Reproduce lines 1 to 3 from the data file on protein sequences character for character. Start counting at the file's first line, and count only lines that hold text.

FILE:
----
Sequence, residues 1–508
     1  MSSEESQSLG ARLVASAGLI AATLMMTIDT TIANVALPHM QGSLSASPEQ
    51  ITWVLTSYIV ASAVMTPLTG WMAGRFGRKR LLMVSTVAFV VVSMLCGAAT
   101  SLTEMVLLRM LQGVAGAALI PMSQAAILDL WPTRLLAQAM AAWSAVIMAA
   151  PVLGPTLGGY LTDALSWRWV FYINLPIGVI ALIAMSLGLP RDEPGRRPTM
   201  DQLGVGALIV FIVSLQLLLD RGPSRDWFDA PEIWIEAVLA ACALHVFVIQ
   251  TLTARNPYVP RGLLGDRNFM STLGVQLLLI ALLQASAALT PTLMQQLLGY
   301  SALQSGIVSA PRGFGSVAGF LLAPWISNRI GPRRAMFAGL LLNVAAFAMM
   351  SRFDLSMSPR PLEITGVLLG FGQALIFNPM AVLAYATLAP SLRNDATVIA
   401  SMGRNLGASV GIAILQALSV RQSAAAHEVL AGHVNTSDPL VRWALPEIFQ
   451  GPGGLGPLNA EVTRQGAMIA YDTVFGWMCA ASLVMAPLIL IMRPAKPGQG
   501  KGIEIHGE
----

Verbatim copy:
Sequence, residues 1–508
     1  MSSEESQSLG ARLVASAGLI AATLMMTIDT TIANVALPHM QGSLSASPEQ
    51  ITWVLTSYIV ASAVMTPLTG WMAGRFGRKR LLMVSTVAFV VVSMLCGAAT